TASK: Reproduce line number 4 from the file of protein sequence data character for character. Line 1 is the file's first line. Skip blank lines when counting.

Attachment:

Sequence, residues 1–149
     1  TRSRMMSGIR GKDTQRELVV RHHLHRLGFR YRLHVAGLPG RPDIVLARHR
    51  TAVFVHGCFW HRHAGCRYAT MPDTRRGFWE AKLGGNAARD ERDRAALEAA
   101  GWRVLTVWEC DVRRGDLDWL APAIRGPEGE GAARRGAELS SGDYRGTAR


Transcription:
   101  GWRVLTVWEC DVRRGDLDWL APAIRGPEGE GAARRGAELS SGDYRGTAR